One of Ho Chi Minh City’s iconic properties, the Caravelle’s location in the heart of District One is ideal. The property has been extensively modernised and expanded but it still drips with history, accumulated since it opened in 1959. The hotel’s Saigon Saigon bar is open air and highly popular because of its panoramic views of the city. While groups can make full use of it during the quiet periods in the afternoon, those wanting more privacy can book the smaller terrace area as Saigon Saigon quickly fills up in the evening, with guests, expats and tourists.
Sofitel Plaza Saigon
Situated close to the Reunification Palace and Notre Dame cathedral, the Sofitel Plaza Saigon has eight meeting rooms with a capacity for 400 people. The hotel has a strong European feel, with both a French-style bar, L’Elysee and restaurant L’Olivier.
Hilton Hanoi Opera
Conveniently positioned close to the Hanoi Opera house, the city’s Hilton has earned a reputation for excellence in food and beverage. Its signature Vietnamese restaurant, Ba Mien, means “Three Regions”, and offers contemporary versions of traditional Vietnamese cuisine from the country’s north, south and centre.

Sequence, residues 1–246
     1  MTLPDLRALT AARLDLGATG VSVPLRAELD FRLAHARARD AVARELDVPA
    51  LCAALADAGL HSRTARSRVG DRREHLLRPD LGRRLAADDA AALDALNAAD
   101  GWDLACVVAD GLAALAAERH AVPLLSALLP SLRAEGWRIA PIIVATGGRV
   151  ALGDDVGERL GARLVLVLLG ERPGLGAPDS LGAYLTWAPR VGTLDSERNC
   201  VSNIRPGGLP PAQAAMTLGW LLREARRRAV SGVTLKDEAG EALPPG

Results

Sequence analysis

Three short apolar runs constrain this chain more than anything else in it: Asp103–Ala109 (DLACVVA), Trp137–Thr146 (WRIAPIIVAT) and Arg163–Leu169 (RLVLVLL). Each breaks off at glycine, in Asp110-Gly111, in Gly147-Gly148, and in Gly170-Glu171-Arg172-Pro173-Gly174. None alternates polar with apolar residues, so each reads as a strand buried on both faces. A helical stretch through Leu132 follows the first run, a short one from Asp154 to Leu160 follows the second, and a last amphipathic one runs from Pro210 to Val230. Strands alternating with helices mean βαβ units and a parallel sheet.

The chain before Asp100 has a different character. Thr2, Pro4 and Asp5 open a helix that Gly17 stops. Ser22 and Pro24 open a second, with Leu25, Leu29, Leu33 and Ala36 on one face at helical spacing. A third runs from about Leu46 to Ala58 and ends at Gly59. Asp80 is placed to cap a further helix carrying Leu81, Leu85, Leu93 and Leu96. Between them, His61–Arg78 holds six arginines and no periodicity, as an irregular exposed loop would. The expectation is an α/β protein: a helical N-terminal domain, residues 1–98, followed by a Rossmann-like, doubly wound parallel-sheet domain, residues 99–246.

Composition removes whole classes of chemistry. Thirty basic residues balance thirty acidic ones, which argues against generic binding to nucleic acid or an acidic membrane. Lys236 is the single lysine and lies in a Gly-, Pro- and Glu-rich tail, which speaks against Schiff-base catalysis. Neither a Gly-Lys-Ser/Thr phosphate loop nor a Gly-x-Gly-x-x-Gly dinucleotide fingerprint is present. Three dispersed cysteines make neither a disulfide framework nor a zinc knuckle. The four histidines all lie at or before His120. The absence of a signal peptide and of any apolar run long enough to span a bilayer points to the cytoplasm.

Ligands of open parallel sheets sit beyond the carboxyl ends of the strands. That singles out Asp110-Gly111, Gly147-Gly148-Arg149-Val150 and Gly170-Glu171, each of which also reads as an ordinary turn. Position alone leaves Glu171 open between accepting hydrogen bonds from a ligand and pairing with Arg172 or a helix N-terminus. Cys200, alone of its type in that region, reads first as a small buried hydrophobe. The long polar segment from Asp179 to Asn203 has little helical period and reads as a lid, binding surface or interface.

Lady of the lake
Sitting on the tranquil West Lake in the Tay Ho district of the capital, the Sheraton Hanoi’s location provides easy access to the city centre and the airport. Aside from its standard ballroom and meeting spaces, the hotel’s Lake Side Terrace offers great views and can hold around 120 for cocktail receptions.
The grande dame of Hanoi hotels, the Sofitel Metropole has managed to preserve old world charm from when it was built in 1901, the height of what the French termed La Belle Epoque (The Beautiful Era). But aside from its colonial chic, the hotel has added all manner of modern amenities and is currently building a new conference centre. Delegates can take advantage of the hotel’s own vintage Citroen to go on shopping tours of Hanoi.
Hanoi West Lake
Due to open before the end of the year, this new property has been eagerly awaited by retail and incentives guests alike. The 369-room property is next to the 800-year-old Golden Lotus Pagoda and is built over the waters of the West Lake. Why not arrange a dawn visit to the nearby Flower Market, and take in the plethora of colours and fragrances?
Vietnam MICE Centre,
Dinh Anh International Travel
Vivents, Creative Event Solutions
Golden Tortoise Trade and Travel
Exotissimo Travel Vietnam
Luxury Travel Vietnam
Viet Circle Travel